Doctor Eclectic

Doctor Eclectic
Doctor Eclectic

Saturday, November 29, 2014

Mike Nichols

As I read some of the commentary following the recent demise of Mike Nichols, I was struck with two somewhat related facts: the wide variety of his prolific, productive life, spanning more than fifty years and how many of his projects were meaningful in Mary’s and my lives.  I also learned a few things about him that I had not previously known.

That when he arrived in this country at age seven, he only knew two English sentences: “I do not speak English” and “Please, do not kiss me.”  I also learned that he lost his hair at age four from side effects of a Whooping Cough vaccine and consequently wore wigs until he died at age 83.

His first real success came when he founded the Compass Players and teamed up with Elaine May. The improv group, which included a group of young comedians including Shelley Berman, eventually morphed into The Second City, which basically staffed Saturday Night Live when Lorne Michaels started it in 1971.  Our first contact with Nichols was the debut record he and May did and I still have the original vinyl.  When I was searching for images for this Post I found that my record is available on Amazon for $60. I couldn’t sell it because The Dentist routine remains a favorite.

Although he won awards for film, TV, and a Grammy for records made with Elaine May, he greatest love and passion was for the theater.  The first play he directed won him a Tony.  It was Neil Simon’s Barefoot in the Park.  Coincidently that was the first play I was cast in as a principle, playing Victor Velasco, the rather strange neighbor.  Of course my production was not on Broadway, but rather a group of local players who performed on a school stage.

The last play Nichols directed was last year, Betrayal, which opened to mixed reviews and quickly closed.  The play before that though won another Tony.  It was a brilliantly cast Death of a Salesman, which played a limited run because of cast project conflicts. Phillip Seymour Hoffman and two other actors were nominated for Tony Awards, as was the stage and lighting Director.

Although his most famous film was The Graduate the one he directed the year before got him that job.  It was Who’s Afraid of Virginia Wolfe? adapted from a play he was familiar with because he once was cast as the lead played in the film by Richard Burton.  One can only imagine how Nichols directed Burton, particularly at that time in Burton's career.  Nichol's Direction earned him an Oscar nomination, which would be repeated the next year.

He had a reputation as a strong, committed director.  The story is told of his directing Walter Matthau in the The Odd Couple that eventually would play 964 performances on Broadway and spawn a television series, a movie and a revival in 1988 with two females as the couple.  Presumably, Matthau at one point said, “You’re emasculating me.  Give me back my balls!”  To which Nichols replied, “Certainly.  Props!”  He won a directorial Tony for Spamalot, a production Mary and I saw when on our annual NYC visit for the Greater New York Dental Meeting.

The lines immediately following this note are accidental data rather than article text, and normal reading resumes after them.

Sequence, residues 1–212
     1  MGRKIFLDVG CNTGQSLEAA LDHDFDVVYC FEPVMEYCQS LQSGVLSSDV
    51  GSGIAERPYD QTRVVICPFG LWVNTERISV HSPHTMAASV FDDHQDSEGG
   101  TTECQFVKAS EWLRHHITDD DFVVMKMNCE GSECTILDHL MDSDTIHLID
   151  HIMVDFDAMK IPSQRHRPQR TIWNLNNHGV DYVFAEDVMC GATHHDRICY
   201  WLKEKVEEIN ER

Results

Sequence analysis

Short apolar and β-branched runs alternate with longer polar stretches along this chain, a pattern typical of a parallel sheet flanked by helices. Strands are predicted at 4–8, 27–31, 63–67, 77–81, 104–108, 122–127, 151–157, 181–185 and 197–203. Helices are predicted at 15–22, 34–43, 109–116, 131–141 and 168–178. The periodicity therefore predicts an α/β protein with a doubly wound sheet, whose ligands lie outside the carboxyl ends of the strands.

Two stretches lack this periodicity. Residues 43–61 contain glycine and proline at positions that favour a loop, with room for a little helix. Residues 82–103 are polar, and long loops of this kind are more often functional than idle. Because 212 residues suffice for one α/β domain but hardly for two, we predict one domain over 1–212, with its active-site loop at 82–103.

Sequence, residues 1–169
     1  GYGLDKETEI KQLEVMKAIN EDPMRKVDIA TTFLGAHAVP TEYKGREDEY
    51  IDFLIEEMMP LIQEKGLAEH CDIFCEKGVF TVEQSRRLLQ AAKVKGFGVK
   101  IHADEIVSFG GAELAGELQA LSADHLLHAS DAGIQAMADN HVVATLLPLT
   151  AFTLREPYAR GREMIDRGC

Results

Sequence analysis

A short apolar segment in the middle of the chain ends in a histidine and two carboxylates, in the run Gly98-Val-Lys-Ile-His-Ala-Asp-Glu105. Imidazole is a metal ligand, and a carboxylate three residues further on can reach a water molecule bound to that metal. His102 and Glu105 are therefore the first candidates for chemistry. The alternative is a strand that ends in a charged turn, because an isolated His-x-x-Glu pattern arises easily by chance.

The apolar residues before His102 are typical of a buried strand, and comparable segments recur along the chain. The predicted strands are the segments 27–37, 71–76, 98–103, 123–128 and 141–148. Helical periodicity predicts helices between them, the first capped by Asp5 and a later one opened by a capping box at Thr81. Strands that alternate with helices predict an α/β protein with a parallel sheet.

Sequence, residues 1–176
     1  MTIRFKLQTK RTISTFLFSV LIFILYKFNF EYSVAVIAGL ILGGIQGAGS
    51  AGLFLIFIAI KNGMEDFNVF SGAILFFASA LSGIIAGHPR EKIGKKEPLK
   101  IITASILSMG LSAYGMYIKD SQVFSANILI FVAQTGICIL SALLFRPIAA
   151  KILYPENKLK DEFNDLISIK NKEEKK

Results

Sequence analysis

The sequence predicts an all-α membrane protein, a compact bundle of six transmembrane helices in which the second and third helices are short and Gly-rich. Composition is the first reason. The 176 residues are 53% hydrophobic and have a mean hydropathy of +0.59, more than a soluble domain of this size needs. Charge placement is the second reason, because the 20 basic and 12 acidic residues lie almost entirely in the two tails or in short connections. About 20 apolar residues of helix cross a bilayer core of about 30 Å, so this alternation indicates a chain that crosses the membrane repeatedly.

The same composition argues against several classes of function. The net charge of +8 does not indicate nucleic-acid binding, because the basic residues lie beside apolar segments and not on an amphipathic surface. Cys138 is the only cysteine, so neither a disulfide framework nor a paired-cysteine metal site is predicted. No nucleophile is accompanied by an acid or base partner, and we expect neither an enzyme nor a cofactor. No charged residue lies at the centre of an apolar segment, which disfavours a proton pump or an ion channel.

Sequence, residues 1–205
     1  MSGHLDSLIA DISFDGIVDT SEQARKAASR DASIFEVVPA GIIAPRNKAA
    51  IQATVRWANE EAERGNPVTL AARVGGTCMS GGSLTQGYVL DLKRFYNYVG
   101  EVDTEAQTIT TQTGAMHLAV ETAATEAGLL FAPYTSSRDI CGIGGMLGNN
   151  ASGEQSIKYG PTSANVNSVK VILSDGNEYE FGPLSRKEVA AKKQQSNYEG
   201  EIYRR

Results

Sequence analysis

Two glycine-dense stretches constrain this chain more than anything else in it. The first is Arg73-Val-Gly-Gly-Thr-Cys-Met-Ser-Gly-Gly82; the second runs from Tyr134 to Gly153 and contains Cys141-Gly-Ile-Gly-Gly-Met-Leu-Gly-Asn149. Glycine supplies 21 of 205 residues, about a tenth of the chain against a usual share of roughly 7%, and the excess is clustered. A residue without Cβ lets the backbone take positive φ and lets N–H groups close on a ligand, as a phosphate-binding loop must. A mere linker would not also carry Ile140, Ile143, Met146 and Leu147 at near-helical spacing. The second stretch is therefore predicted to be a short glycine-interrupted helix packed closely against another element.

Mary and I saw The Graduate and the music from the film is played regularly at dinner.  Nichols is all over the film with choices of the music and the artists who penned the score, the cast, which catapulted a young Dustin Hoffman to stardom, to the cinematography, which remains unique in its composition.  Hoffman remains in awe of Nichols for the opportunity to be in the film.  Perhaps Nichols felt a kindred spirit, remembering his attempt to break into theater in New York at about the same age by studying Method Acting.  In any event Nichols earned another Oscar.

About the only project we did not follow closely was the television Miniseries that won him one of his two Emmys: Angels in America.  As Netflix is now allowing stream-watching, I may revisit the project.

It is not surprising that, being one of a few select persons who have won an Oscar, a Tony, an Emmy and a Grammy, he would be honored for life achievement. Two of these that I recently watched in YouTube were the AFI Award, with a great tribute by Elaine May, and the KennedyCenter Award with about a 25-minute show featuring many of the actors and performers who felt his genius.

Genius may in fact be the operative word.  He was, after all, a second cousin, on his mother’s side, some ways removed, to Albert Einstein.

In my next Post, I will share with you how I have joined the legions who have a handicap placard.  You might find it interesting.

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